MORAY’S ELECTED LEADERS have been commenting on the vital importance of the expansion of RAF Lossiemouth following their briefing and flight on one of the Boeing P-8A aircraft from the Moray base on Friday.
While not the first civilians to experience a flight on one of the three US Navy P-8A visiting the Moray base, the Moray Council and Scottish Parliament VIP’s are likely the most influential local representatives to have been given an airborne glimpse of the future.
Nine P-8A’s are currently on order and all will be based at Lossiemouth – with RAF crews having started training with the US Navy on the aircraft just weeks after the UK Government scrapped plans to further develop the ageing Nimrod, based on an airframe that first flew over the UK in 1952. The visitors were also told exactly why the airfield at Kinloss was not deemed suitable for the new aircraft.
Included in the official party given a briefing by US Navy and RAF personnel on Friday was Regional MSP Douglas Ross, who said it was a “once in a lifetime” thrill to fly just a few hundred feet above the waves of the Moray Firth.
He said: “I sat in the cockpit as we returned to Lossiemouth and saw some stunning views of Moray – and learned of the work that goes on in the flight deck during landing. Earlier we learned much about the range of activities that the aircraft can undertake – and it was stunning.
“It was very useful for local representatives in Moray to be given the chance to understand more about the P-8A and what they will bring to UK Defence.”
Also on the flight was the chairman of the Moray Economic Partnership, Councillor John Cowe, who said: “It was great to be able to learn more about the aircraft and the role it will have, how the aircraft can easily be extended well beyond the lifespan that was originally envisaged.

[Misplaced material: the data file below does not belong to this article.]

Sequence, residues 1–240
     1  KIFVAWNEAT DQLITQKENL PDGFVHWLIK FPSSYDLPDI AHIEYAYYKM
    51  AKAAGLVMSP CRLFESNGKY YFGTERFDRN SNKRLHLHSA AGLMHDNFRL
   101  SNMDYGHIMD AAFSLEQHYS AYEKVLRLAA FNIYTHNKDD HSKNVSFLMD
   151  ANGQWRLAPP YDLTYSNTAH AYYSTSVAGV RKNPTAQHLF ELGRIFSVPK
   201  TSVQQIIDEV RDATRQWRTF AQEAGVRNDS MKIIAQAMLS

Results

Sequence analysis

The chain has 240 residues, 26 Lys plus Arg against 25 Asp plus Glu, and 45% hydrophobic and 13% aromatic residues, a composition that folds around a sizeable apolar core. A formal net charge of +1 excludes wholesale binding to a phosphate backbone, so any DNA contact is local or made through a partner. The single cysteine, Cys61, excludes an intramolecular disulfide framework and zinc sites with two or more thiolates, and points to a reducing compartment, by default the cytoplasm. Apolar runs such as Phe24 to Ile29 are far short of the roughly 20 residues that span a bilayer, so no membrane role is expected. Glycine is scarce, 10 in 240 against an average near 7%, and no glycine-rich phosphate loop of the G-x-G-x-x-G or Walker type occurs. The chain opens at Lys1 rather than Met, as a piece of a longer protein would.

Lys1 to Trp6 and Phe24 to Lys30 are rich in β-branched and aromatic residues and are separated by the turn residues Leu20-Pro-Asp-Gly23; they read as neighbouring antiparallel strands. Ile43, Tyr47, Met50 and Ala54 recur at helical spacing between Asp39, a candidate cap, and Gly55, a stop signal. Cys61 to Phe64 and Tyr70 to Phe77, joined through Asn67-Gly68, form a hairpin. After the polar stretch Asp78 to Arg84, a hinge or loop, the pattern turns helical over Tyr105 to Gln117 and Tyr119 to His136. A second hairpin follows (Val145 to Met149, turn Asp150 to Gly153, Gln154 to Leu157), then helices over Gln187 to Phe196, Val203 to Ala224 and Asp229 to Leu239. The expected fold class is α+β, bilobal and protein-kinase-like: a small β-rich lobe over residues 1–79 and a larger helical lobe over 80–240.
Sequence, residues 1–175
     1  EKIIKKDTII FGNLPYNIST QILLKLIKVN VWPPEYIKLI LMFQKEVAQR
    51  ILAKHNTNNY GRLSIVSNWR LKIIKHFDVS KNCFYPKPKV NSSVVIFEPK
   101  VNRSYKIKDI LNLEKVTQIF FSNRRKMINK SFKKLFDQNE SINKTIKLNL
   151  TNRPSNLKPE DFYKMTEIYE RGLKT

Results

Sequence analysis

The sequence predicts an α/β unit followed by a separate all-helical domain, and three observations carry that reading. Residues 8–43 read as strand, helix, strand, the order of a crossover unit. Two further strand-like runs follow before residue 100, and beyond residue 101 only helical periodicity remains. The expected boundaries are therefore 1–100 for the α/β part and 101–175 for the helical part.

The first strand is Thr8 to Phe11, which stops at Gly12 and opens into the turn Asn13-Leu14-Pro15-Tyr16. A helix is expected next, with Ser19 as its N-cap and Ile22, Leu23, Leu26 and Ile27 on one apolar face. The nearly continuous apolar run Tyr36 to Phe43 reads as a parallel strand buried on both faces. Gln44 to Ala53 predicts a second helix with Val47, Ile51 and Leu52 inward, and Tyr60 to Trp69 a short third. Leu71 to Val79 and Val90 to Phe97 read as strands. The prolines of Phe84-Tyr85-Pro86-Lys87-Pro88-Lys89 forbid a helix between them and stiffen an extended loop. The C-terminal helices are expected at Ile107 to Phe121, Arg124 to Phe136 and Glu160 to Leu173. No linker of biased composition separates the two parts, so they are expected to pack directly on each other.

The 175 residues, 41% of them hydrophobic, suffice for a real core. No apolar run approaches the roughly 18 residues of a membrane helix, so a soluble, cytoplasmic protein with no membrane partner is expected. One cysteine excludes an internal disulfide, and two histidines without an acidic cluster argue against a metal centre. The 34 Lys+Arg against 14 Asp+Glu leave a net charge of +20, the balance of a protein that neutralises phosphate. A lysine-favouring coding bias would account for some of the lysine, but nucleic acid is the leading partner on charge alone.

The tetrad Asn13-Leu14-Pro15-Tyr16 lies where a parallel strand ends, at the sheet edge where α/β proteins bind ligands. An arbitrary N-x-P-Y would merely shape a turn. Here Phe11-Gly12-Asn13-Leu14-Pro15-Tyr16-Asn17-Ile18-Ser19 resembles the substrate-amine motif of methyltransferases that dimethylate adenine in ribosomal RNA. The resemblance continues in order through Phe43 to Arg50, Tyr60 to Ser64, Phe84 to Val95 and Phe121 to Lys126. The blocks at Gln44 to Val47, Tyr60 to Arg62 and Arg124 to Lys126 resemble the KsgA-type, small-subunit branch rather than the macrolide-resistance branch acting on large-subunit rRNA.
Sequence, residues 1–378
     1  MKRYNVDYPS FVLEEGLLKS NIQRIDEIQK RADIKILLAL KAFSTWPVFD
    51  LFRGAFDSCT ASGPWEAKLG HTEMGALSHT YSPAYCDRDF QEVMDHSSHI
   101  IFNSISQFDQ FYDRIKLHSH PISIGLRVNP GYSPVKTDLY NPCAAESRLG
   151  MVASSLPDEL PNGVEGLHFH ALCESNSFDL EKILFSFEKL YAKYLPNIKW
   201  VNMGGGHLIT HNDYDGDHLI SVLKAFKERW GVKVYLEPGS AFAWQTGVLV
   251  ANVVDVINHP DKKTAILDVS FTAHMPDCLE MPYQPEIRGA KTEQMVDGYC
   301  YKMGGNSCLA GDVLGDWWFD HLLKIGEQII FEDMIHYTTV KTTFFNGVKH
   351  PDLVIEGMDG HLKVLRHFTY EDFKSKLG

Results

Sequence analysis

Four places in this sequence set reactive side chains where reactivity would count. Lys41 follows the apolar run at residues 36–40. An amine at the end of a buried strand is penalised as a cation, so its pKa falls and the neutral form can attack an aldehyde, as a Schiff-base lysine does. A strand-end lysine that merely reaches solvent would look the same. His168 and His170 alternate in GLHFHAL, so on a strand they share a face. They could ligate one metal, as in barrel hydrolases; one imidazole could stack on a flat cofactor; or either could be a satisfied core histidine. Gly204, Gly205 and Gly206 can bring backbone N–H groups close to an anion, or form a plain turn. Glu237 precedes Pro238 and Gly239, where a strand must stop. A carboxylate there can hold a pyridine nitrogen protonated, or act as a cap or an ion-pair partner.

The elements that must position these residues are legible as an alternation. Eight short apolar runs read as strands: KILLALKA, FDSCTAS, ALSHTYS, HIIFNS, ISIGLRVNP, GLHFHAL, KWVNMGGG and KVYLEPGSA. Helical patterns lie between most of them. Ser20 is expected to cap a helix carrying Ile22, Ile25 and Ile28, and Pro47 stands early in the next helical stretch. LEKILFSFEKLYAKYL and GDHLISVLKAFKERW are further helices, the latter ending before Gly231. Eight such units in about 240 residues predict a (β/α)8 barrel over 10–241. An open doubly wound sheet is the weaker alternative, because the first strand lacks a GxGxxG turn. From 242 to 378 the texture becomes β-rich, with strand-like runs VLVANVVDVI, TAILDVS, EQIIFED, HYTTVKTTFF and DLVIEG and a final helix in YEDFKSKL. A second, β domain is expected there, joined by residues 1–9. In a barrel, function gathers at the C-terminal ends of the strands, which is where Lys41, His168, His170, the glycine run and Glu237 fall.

“Moray is now fortunate to be in the position where our air base will likely be the number-one in importance for UK Defence – that will bring benefits to our region that could be simply phenomenal.”
During the briefing Air Commodore Ian Gale revealed why the former Nimrod base at Kinloss was not considered as a home for the RAF’s P-8A programme.
He explained that the Kinloss runway was 500feet shorter than Lossiemouth – meaning that if it was to be used it would first require a complete upgrade. In addition, the P-8A undercarriage configuration is narrower than the Nimrod – meaning that a much heavier weight is confined to a smaller area.
The depth, length and strength of the Kinloss runway would need to be addressed for that reason – and that put Lossiemouth firmly in control of the new aircraft.
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